COLUMN: Let's take time for thankfulness

Randy Gibson

This week we will celebrate Thanksgiving. Traditionally, families get together in large numbers and celebrate. Many travel long distances to be with loved ones. Last year, some families chose to limit who they were with, and some canceled their celebration of the holiday altogether.

Many in America are not happy. It seems that over the past several years, we have become so hardened we have lost sight of what it means to be human and show care and concern for others. Just this past week, there were many in Oklahoma who prayed, begged, and asked for clemency for Julies Jones, and Gov. Kevin Stitt listened. Still, that was not enough for some, and when they got what they requested, they wanted more. Interestingly, many of these same people are crying foul about the Kyle Rittenhouse trial and wanted to see that young man hung in the public square.

Here in America, we are facing atrocious inflation, a massively slowed down supply chain, and a worsening energy crisis. Politicians on both sides of the aisle in D.C. continue to bicker, and programs are not helping Americans or the strength of the country or the economy. Everyone is continuing to be mean-spirited, with no thankfulness or humility for what we have been provided.

I thought of the old Christmas cartoon, "How the Grinch Stole Christmas," which is about a mean-spirited being that despised Christmas and was going to make sure the Whos down in Whoville did not get to celebrate. He strained and struggled with a huge heavy sleigh all night, stealing decorations and gifts throughout the entire town, dragging them back to the top of Mount Crumpit. My mind painted a cartoon of politicians being like The Grinch, slithering through cities in their respective states stealing the turkeys, pies and holiday decorations. In reality, they steal peace, happiness and satisfaction.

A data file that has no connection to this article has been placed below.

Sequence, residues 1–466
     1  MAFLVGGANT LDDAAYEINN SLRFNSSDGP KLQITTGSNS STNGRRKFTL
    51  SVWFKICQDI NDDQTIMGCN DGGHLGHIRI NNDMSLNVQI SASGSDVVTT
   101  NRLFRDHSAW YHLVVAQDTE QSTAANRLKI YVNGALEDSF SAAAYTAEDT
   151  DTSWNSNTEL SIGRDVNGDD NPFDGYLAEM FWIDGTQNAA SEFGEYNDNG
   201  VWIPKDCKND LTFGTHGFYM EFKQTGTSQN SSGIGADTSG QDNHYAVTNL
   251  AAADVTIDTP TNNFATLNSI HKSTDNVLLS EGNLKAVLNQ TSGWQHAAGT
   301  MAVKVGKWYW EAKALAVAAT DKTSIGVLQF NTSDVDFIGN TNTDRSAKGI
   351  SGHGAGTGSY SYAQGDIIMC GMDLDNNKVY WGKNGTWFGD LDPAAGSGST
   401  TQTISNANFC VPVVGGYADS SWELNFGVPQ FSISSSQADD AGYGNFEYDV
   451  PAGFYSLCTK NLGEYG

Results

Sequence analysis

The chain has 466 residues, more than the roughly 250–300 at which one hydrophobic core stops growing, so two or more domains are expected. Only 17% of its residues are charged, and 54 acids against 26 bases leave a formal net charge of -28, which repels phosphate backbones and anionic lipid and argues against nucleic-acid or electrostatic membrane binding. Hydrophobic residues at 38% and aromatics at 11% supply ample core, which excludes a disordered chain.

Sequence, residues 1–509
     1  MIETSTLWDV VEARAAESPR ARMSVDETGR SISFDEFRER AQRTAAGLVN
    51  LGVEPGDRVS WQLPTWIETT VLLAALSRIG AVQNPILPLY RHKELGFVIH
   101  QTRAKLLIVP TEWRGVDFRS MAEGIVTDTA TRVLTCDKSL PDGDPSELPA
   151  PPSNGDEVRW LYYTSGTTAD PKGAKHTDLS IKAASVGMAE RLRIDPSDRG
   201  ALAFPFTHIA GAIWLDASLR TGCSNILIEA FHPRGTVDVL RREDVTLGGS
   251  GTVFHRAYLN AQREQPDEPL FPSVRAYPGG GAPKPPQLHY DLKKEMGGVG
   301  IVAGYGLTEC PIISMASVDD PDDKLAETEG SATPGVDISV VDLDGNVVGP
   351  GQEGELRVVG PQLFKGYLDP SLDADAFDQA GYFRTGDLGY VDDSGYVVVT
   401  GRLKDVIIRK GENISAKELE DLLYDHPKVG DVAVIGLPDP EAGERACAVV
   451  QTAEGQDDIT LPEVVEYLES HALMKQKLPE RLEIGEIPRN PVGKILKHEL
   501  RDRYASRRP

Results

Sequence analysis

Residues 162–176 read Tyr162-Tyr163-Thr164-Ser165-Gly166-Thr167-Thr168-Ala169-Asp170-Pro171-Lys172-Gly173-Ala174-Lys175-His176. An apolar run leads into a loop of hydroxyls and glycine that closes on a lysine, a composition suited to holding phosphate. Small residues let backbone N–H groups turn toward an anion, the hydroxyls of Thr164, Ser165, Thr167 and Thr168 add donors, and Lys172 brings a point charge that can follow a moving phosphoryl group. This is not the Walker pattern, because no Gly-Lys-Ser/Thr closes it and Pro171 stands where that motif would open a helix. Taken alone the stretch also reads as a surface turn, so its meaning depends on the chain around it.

However, if the people unite, they cannot stop the spirit of Thanksgiving any more than The Grinch could stop Christmas from coming. Thanksgiving is more than a day to overeat on turkey, dressing, dumplings and pie. Like the name of the holiday implies, it is a day of Thanksgiving – a day to be thankful for what we have. If we have food on our tables, a roof over our heads and clothes on our backs, we are actually more well off than a vast majority of the world. Worldwide, the average yearly income for a family is just over $9,700. Those in America who make more than $30,000 per year are some of the richest people in the world. We are truly blessed to live here, and we should be thankful.

In the past few years, social media has become a cesspool of bitterness and hatred that has helped fuel a deep division in our nation. Like the Whos, we have control over our own pages. I wish we, as a nation, would take the time to flood social media with positive statements and only post things for which we are thankful. We would probably be amazed at how we would feel at the end of the week, and maybe we could lift up and encourage others along the way.

We hold the ultimate power in our own lives, and like the Whos, we can be thankful for the blessings we have and let the world know, and we can show the grinchy politicians, news media, and others wherever they are that they cannot keep Thanksgiving or any of our holidays from coming. Happy Thanksgiving! #GiveThanks

Randy Gibson is the CEO of RDG Communications and the former director of the Tahlequah Chamber of Commerce and the Texas State Rifle Association.

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